Lights in U.S. homes are undergoing a transition as lighting technologies evolve and meet federal standards.
According to the 2015 Residential Energy Consumption Survey (RECS), most homes utilized a combination of incandescent and compact fluorescent lamps (CFLs). According to data collected nationwide, 18% of households no longer use traditional incandescent bulbs. While 86% of the respondents used at least one LED or CFL bulb.
As light-emitting diodes (LED) bulbs become more common, 29% of U.S. households report having installed at least one LED bulb.
In general, residential lighting has become more energy-efficient, using CFLs and LEDs as opposed to less efficient incandescent bulbs. At least one energy-efficient lighting bulb was used indoors by 58% of households in 2009.
What percent of people use LED light bulbs?
According to these statistics as of May 2017, around 58% percent of U.S. households claim to use LEDs over other types of lighting. 71% of the American lamp market’s total inventory is sold to households or residential use. (Source: Statista)
According to the United States’ lighting industry statistics, incandescent lights still account for 26% of the market for A-type lamps. LED lighting can expand into this segment in the future since there is a large market for it. (Source: Statista)
Here’s a breakdown of the LED light market in the U.S. in 2016 by sector:
- Residential – 46%
- Office – 14%
- Shop – 12%
- Industrial – 10%
- Hospitality – 8%
- Outdoor – 7%
- Architectural – 3%
The number of recessed downlights installed in American homes is currently estimated at 500 million. An estimated 20 million units are sold yearly. If you make the switch to LED technology for this lighting option, you can reduce wattage by around 75 percent, if not more. (Source: U.S. Department of Energy)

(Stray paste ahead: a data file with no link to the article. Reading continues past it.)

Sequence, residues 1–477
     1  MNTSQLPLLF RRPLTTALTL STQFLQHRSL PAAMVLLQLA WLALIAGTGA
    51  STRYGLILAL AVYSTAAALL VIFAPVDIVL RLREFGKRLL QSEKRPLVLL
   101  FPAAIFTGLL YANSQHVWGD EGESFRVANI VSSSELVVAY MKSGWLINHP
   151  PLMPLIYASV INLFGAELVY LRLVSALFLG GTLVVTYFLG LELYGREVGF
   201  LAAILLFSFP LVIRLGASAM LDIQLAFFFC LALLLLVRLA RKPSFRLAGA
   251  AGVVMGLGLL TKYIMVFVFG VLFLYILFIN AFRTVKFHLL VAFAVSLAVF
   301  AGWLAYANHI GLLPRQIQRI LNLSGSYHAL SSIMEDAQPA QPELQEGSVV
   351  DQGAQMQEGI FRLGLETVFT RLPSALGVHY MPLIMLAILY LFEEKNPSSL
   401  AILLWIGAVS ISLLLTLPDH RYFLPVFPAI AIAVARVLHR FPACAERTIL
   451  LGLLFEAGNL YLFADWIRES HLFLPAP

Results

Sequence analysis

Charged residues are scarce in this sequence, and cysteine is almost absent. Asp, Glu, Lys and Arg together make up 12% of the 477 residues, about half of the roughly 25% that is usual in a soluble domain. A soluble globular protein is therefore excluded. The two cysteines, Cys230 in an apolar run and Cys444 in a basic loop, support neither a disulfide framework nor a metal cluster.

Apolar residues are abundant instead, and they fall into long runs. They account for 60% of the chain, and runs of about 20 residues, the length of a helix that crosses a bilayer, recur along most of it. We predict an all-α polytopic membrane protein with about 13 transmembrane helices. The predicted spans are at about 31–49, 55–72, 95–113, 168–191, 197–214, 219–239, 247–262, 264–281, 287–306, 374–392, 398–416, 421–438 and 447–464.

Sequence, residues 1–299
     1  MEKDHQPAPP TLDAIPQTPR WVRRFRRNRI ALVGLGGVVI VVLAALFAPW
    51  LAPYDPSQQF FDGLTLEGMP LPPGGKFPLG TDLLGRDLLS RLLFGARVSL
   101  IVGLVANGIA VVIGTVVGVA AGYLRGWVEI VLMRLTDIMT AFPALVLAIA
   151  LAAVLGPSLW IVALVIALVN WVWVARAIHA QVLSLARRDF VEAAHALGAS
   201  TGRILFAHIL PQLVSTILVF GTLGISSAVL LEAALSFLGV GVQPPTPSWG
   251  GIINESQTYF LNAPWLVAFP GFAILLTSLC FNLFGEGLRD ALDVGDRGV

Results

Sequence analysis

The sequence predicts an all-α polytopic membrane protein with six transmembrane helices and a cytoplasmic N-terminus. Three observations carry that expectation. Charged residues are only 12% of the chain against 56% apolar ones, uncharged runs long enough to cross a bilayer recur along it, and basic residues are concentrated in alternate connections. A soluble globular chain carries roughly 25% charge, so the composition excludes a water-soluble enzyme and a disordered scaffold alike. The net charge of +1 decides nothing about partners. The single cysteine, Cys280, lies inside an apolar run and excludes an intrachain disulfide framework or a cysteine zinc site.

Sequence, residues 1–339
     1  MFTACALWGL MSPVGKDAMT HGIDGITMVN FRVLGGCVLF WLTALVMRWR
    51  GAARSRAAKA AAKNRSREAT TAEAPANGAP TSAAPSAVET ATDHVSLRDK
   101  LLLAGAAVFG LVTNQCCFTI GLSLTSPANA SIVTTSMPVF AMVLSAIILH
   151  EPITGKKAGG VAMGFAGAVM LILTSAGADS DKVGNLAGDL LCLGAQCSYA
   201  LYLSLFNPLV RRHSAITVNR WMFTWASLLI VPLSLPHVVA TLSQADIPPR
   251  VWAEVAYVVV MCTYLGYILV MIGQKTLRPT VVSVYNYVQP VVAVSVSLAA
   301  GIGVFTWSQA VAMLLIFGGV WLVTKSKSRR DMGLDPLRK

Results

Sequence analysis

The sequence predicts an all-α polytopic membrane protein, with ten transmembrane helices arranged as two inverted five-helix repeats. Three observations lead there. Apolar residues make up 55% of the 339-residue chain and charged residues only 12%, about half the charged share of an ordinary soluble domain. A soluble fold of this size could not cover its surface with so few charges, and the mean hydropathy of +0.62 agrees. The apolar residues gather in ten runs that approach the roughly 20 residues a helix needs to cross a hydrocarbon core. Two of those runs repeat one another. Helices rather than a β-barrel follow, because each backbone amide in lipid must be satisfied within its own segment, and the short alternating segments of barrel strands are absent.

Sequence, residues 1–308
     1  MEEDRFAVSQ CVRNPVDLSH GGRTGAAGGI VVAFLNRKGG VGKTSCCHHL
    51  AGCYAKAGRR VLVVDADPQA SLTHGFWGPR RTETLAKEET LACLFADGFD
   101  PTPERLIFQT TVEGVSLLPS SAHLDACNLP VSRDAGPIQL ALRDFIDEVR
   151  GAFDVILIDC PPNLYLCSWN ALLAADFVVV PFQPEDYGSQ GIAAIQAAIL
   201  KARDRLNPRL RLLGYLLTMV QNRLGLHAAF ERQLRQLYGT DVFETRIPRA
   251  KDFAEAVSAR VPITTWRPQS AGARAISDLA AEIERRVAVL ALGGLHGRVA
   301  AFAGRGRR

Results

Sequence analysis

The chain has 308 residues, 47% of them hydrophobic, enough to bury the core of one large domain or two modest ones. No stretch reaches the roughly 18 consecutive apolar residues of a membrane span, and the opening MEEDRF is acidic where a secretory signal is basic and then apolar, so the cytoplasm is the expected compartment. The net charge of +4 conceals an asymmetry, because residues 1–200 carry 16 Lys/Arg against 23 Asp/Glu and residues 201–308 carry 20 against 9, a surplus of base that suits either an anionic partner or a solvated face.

What light bulbs are used the most?
Here is the list of the five most common types of light bulbs along with their respective advantages.
1. Incandescent Bulbs
The most common type of bulb is the incandescent bulb. An incandescent bulb is illuminated by a tungsten filament when a current flows through it. This tungsten filament is surrounded by a nitrogen gas or vacuum. You can choose from different bulb shapes including globe, candy, mushroom, and GLS. As a result of the sudden current flow, however, the filament will heat and burn out. Typical incandescent bulbs last for 700–1000 hours and waste a great deal of energy.
Since the invention of bulbs, incandescent bulbs have been the most common type of bulbs in buildings and have only recently been replaced by the newer forms of technology, such as LEDs, fluorescent lighting, and high-intensity discharge bulbs.
2. Fluorescent Lamps
In comparison to incandescent bulbs, fluorescent bulbs are more complicated. Electricity passes between the cathodes of fluorescent tubes, energizing mercury and other gases that are contained inside and releasing energy. Radiant energy is converted into visible light by the phosphorous coating outside. For the same amount of light, fluorescent lamps use less energy and last longer. As a result of the mercury filling, these are difficult to recycle or dispose of.